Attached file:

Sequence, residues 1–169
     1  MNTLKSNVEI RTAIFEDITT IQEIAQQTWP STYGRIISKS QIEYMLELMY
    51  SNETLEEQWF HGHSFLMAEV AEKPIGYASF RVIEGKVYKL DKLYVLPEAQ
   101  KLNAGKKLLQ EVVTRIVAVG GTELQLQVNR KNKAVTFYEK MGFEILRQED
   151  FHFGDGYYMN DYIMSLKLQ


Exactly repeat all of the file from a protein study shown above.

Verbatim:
Sequence, residues 1–169
     1  MNTLKSNVEI RTAIFEDITT IQEIAQQTWP STYGRIISKS QIEYMLELMY
    51  SNETLEEQWF HGHSFLMAEV AEKPIGYASF RVIEGKVYKL DKLYVLPEAQ
   101  KLNAGKKLLQ EVVTRIVAVG GTELQLQVNR KNKAVTFYEK MGFEILRQED
   151  FHFGDGYYMN DYIMSLKLQ